20. Stanley Greaves. For his work as a teacher and artist. Stanley Greaves celebrated Guyana fauna and folk life in his paintings. Stanley Greaves is associated with the creation of the term “Guyanist”—one who has an undying love for Guyana.

 

21. Bernard Heydorn. Psychologist, Educator, novelist, and cultural researcher. A prolific and insightful observer of Guyana social and cultural environment. His vision is not anchored in Georgetown but incorporates the Berbice experience. His books Walk Good Guyana Boy, Longtime Days, and Unlit Roads are essential and accessible readings for anyone wishing to explore Guyana’s heritage.

 

22. Peter Kempadoo. For his pioneering work in the documentation of Guyanese folk music. He created Jarai Productions which produced the influential collection We Kind Of Folk. That collection helped to popularize the important folk song “Dis time na lang time.”

 

23. Vivian Lee. Broadcaster, Public Relations expert, Songwriter, and Cultural Promoter. An important creative spirit in Guyana. Created the famous radio character Mrs. Snodgrass and wrote the lyrics for Down at the bottom floor popularized by Lord Canary. Promoted national and international musicians. Produced one for the early Guyanese film, the musical comedy, If Wishes Were Horses. Also a pioneer in the Guyanese recording industry.

 

24. Ivor Lynch. For his untiring work as a musician and promoter of Guyanese music on-line.

 

25. Wordsworth McAndrew. Broadcaster, Folklorist, poet. It may not be an exaggeration to say that he has been one of the most influential folklorists in Guyanese history.

 

26. Dave Martins. Leader of the internationally famous group Dave Martins and the Trade Winds. Dave Martins is a living legend. His songs celebrate Guyana. His Not a Blade of Grass is a national anthem.

 

27. Sister Noel Menezes. Educator and Historian. Expert on the history of Portuguese in Guyana. Retired as Chair, Department of History at the University of Guyana.

 

28. Valerie Rodway. Teacher and prolific music composer. Among her compositions is “O Beautiful Guyana.”

 

29. Bill “Bhagee” Rogers. The Shanto King of Guyana. Had international hits with The Weed Song and BG Bhagee. His works provide a valuable lens through which to observe Guyanese life in the early decades of the 20th century.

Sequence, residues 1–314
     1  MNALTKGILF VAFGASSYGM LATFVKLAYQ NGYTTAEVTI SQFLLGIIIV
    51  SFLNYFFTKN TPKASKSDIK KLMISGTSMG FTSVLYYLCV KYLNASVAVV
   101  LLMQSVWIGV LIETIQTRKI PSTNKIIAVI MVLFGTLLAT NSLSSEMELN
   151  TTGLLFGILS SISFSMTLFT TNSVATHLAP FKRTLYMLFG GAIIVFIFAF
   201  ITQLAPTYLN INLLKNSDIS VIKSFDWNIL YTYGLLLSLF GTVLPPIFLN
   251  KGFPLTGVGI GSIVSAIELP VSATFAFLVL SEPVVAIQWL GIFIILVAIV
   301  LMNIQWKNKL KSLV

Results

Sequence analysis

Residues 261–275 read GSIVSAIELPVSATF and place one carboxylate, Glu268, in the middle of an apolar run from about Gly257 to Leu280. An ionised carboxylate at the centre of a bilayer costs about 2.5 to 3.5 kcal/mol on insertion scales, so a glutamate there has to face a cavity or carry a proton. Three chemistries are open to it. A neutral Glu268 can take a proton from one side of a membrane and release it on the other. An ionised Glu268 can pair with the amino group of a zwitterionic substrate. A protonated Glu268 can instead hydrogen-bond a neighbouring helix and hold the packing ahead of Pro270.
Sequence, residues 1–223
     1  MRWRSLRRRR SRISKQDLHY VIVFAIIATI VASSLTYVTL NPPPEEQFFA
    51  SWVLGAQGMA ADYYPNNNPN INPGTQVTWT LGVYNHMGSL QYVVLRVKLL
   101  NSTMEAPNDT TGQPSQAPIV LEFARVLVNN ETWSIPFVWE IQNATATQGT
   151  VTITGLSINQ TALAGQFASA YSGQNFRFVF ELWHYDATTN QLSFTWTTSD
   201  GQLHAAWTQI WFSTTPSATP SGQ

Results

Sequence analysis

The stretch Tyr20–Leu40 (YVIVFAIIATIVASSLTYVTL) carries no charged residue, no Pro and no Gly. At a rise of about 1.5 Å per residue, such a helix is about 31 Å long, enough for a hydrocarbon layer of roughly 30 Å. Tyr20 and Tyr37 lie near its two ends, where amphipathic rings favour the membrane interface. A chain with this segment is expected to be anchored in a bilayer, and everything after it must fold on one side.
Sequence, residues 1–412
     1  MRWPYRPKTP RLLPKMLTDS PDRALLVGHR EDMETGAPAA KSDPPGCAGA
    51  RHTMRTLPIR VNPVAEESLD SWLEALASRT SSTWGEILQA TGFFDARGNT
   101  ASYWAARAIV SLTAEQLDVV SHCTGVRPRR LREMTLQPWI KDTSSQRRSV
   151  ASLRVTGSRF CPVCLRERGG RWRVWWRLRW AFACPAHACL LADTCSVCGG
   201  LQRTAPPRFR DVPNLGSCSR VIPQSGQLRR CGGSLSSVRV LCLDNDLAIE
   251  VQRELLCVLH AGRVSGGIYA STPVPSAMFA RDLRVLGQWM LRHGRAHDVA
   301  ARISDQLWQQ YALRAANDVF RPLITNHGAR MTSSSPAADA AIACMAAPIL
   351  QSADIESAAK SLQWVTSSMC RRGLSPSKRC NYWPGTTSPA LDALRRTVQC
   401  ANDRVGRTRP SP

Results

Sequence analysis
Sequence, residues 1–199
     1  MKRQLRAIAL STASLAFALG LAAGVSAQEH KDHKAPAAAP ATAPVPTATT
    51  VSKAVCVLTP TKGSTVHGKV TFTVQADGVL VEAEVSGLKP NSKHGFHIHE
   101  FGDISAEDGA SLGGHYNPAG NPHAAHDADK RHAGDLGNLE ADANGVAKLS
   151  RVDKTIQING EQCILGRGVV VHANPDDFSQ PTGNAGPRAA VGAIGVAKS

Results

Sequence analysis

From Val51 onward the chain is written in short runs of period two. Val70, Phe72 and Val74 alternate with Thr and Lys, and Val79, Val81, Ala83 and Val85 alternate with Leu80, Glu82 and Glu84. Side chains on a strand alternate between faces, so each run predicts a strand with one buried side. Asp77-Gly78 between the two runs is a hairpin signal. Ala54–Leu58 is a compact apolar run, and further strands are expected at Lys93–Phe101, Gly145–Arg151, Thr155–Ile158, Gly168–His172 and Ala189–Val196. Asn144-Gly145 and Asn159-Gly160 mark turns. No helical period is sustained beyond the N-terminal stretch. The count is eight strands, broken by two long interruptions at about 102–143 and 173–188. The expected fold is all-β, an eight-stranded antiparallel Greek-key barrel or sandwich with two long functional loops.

30. Olga Lopes Seales. Pioneer of radio broadcasting. Responsible for exposing musical talent in Berbice. Equally successful as a broadcaster in Barbados.

 

31. A.J. Seymour. A literary giant. His Dictionary of Guyanese Biography was the first effort to identify influential Guyanese across the ages. A.J. Seymour has had an influence on most aspects of culture in Guyana.

 

32. Raj Kumari Singh. Poet, playwright, fiction writer, and cultural innovator. Universally recognized as a leading figure in East Indian cultural matters and bold explorer of fusion. Her poems such as The days of the Sahib articulated the hopes and ambitions of Guyanese people in the post emancipation era.  Singh played an influential role in the cultural development in the Guyana National Service where she influenced music. Her influence is evident on the Guyana National Service record album I want to Build.

 

33. Shurland “King Fighter” Wilson. Along with the Mighty Sparrow, King Fighter was a founding member of the Young Brigade, a group of calypsonians who had indelible influence on modern calypso. King Fighter drew upon Guyanese folk melodies and lyrics to develop his calypsos. He won international fame with Sookie. According to David Rudder, King Fighter is one of the two Guyanese who influenced the direction of calypso in the Caribbean. The other is fellow awardee, Eddie Grant

 

34. The Atlanta Guyana Association. For the annual organization of Guyana Day in Atlanta, Georgia. The annual gathering celebrates Guyanese family life.

 

35. The Link Show for over two decades one of the most expected moments in Guyanese satirical theater. The Link Show is a production of The Theatre Company. The principal officers of The Theatre Company are Ron Robinson and Gem Madhoo.

 

36. The Rajkumari Cultural Center. For its contribution to preserving and sharing Guyanese East Indian heritage, especially in the areas of music, dance, poetry. The principals of this New York-based organization are Taij Kumarie Moteelall, Pritha Singh, and Karna Singh.